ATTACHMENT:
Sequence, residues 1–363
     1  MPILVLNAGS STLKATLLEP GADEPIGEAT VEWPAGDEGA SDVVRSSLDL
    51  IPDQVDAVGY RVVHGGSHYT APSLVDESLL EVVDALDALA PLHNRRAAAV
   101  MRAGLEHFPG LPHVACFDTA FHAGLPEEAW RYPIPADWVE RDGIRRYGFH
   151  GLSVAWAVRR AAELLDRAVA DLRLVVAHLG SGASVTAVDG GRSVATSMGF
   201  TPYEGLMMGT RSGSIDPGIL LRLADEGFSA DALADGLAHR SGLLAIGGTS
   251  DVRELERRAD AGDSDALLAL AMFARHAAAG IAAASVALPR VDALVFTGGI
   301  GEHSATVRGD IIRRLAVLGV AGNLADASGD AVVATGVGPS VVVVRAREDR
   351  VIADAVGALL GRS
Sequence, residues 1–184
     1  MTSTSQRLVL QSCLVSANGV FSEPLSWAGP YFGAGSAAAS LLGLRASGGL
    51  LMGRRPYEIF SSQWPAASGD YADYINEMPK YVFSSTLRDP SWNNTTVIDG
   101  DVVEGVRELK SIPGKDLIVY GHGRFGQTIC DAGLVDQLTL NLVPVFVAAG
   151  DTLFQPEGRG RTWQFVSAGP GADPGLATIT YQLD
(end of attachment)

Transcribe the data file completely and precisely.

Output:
Sequence, residues 1–363
     1  MPILVLNAGS STLKATLLEP GADEPIGEAT VEWPAGDEGA SDVVRSSLDL
    51  IPDQVDAVGY RVVHGGSHYT APSLVDESLL EVVDALDALA PLHNRRAAAV
   101  MRAGLEHFPG LPHVACFDTA FHAGLPEEAW RYPIPADWVE RDGIRRYGFH
   151  GLSVAWAVRR AAELLDRAVA DLRLVVAHLG SGASVTAVDG GRSVATSMGF
   201  TPYEGLMMGT RSGSIDPGIL LRLADEGFSA DALADGLAHR SGLLAIGGTS
   251  DVRELERRAD AGDSDALLAL AMFARHAAAG IAAASVALPR VDALVFTGGI
   301  GEHSATVRGD IIRRLAVLGV AGNLADASGD AVVATGVGPS VVVVRAREDR
   351  VIADAVGALL GRS
Sequence, residues 1–184
     1  MTSTSQRLVL QSCLVSANGV FSEPLSWAGP YFGAGSAAAS LLGLRASGGL
    51  LMGRRPYEIF SSQWPAASGD YADYINEMPK YVFSSTLRDP SWNNTTVIDG
   101  DVVEGVRELK SIPGKDLIVY GHGRFGQTIC DAGLVDQLTL NLVPVFVAAG
   151  DTLFQPEGRG RTWQFVSAGP GADPGLATIT YQLD